Quantcast
Environmental News for a Healthier Planet and Life

180 Climate Deniers in Congress Received $82 Million in Dirty Money

Popular

Those of you who participated in Saturday's People's Climate March have 181 more reasons to protest.


New research shows that the 180 climate-denying members of Congress—plus President Trump, who famously denounced global warming as a hoax—have received more than $82 million from fossil fuel industries.

Researchers from the Center for American Progress Action Fund calculated that the Republican president, 142 representatives and 38 senators, who do not accept the overwhelming scientific consensus that human activity causes climate change, have received a total of $82,882,725 from coal, oil and gas industries—an increase from the $80,453,861 total in the previous report.

According to the new report, the top three recipients were Arizona Senator John McCain, who opposes the Environmental Protection Agency's finding that greenhouse gases are pollution; Kentucky Senator Mitch McConnell, who once said, "For everybody who thinks it's warming, I can find somebody who thinks it isn't;" and Texas Senator John Cornyn, who actually acknowledges that humans have an impact on the environment but doesn't think it's the responsibility of the government to do anything about it.

For the report, the researchers defined a climate denier as any lawmaker who has:

• Questioned or denied the scientific consensus behind human-caused climate change;

• Answered climate questions with the "I'm not a scientist" dodge;

• Claimed the climate is always changing (as a way to dodge the implications of human-caused warming);

• Failed to acknowledge that climate change is a serious threat; or

• Questioned the extent to which human beings contribute to global climate change.

Trump himself received $1,132,996 in dirty energy money.

"Last year's analysis found that 202,803,591 people were represented by a climate denier in Congress. Now, the entire population of almost 325 million Americans is represented by a climate denier with the election of Donald Trump as president," the report stated.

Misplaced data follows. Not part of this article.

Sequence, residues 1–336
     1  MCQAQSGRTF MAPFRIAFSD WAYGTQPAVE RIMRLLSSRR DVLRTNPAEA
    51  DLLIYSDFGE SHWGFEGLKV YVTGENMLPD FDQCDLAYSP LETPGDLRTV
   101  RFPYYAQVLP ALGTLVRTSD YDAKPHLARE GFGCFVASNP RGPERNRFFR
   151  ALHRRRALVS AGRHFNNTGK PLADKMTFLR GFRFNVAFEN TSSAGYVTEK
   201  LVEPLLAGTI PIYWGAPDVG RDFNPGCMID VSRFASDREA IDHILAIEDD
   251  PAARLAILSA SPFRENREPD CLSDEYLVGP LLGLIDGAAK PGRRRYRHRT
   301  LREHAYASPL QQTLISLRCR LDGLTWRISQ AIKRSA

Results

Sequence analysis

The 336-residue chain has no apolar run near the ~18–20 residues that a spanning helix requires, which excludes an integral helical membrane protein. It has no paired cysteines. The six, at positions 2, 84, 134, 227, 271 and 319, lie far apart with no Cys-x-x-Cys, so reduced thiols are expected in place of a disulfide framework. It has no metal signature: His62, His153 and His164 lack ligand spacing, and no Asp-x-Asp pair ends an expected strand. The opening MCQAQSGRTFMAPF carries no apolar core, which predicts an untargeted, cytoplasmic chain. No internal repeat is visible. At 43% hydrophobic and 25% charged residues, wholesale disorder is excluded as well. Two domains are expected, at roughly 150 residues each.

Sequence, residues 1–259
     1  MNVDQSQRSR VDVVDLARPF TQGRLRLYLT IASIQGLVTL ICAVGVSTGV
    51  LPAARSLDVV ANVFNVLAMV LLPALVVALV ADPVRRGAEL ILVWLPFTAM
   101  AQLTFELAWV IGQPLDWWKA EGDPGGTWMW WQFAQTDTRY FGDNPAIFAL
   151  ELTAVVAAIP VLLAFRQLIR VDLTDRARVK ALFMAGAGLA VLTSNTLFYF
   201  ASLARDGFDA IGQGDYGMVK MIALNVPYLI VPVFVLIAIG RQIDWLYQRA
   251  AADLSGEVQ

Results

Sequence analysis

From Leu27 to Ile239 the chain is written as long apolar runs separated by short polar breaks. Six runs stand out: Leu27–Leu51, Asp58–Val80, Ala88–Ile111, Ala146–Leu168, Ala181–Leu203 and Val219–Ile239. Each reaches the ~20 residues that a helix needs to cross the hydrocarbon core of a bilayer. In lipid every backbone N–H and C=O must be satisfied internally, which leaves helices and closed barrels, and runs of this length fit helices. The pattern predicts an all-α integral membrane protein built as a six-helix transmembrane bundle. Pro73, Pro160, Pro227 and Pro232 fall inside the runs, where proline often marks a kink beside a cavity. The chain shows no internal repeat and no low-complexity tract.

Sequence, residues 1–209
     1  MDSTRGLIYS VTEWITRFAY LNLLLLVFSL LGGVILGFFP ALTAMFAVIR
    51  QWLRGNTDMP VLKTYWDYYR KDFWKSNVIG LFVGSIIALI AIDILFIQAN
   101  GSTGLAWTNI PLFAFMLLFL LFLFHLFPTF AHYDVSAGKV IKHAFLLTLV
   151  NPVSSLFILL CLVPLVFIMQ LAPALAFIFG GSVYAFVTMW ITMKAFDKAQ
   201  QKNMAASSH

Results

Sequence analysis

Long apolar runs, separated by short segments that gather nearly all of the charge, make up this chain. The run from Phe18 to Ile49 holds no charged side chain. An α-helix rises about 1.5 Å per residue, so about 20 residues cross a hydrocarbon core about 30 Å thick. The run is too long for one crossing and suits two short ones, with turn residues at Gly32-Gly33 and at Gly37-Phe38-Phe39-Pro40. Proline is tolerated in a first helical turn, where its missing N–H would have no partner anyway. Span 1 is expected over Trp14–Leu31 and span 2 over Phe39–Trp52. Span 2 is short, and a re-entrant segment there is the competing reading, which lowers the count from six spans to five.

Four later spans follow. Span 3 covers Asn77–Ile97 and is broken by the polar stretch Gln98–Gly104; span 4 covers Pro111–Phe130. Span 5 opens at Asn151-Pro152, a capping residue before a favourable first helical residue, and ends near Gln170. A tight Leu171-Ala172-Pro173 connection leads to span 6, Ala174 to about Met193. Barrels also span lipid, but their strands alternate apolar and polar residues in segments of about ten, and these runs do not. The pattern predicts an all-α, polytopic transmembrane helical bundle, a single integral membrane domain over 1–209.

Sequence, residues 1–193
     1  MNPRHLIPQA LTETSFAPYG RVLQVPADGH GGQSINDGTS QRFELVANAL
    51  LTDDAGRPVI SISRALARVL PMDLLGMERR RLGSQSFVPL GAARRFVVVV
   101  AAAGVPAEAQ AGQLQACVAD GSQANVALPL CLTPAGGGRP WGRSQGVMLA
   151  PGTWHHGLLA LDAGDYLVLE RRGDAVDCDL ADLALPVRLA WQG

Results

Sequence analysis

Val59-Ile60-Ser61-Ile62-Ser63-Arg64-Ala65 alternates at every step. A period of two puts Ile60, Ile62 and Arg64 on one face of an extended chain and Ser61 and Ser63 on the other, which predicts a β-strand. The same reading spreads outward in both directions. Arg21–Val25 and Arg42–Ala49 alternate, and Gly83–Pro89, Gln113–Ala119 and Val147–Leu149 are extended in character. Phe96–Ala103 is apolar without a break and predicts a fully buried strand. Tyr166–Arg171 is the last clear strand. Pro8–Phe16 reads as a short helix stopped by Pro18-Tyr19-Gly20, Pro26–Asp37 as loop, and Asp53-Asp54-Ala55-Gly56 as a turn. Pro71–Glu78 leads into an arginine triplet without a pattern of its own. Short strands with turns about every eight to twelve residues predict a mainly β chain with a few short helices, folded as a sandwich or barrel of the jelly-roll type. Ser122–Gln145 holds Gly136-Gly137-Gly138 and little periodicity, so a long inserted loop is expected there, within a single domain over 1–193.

The president's first 100 days in office has been widely considered as disastrous, especially for the environment. From appointing cabinet members with noted ties to the fossil fuel industry to signing a slew of executive orders that roll back key environmental regulations.

Center for American Progress Action Fund's new analysis was presented in an interactive map and accompanying data sheet.

EcoWatch Daily Newsletter

Deserted view of NH24 near Akshardham Temple on day nine of the 21-day nationwide lockdown to curb the spread of coronavirus on April 2, 2020 in New Delhi, India. Raj K Raj / Hindustan Times via Getty Images

India is home to 21 of the world's 30 most polluted cities, but recently air pollution levels have started to drop dramatically as the second-most populated nation endures the second week of a 21-day lockdown amidst coronavirus fears, according to The Weather Channel.

Read More Show Less
A Unicef social mobilizer uses a speaker as she carries out public health awareness to prevent the spread and detect the symptoms of the COVID-19 coronavirus by UNICEF at Mangateen IDP camp in Juba, South Sudan on April 2. ALEX MCBRIDE / AFP / Getty Images

By Eddie Ndopu

  • South Africa is ground zero for the coronavirus pandemic in Africa.
  • Its townships are typical of high-density neighbourhoods across the continent where self-isolation will be extremely challenging.
  • The failure to eradicate extreme poverty is a threat beyond the countries in question.
Read More Show Less
Sponsored
The outside of the Food and Drug Administration headquarters in White Oak, Md. on Nov. 9, 2015. Al Drago / CQ Roll Call

The U.S. Food and Drug Administration has approved the use of two malarial drugs to treat and prevent COVID-19, the respiratory infection caused by the SARS-CoV-2 coronavirus, despite only anecdotal evidence that either is proven effective in treating or slowing the progression of the disease in seriously ill patients.

Read More Show Less
Some speculate that the dissemination of the Antarctic beeches or Nothofagus moorei (seen above in Australia) dates to the time when Antarctica, Australia and South America were connected. Auscape / Universal Images Group / Getty Images

A team of scientists drilled into the ground near the South Pole to discover forest and fossils from the Cretaceous nearly 90 million years ago, which is the time when dinosaurs roamed the Earth, as the BBC reported.

Read More Show Less
The recovery of elephant seals is one of the "signs of hope" that scientists say show the oceans can recover swiftly if we let them. NOAA / CC BY 2.0

The challenges facing the world's oceans are well known: plastic pollution could crowd out fish by 2050, and the climate crisis could wipe out coral reefs by 2100.

Read More Show Less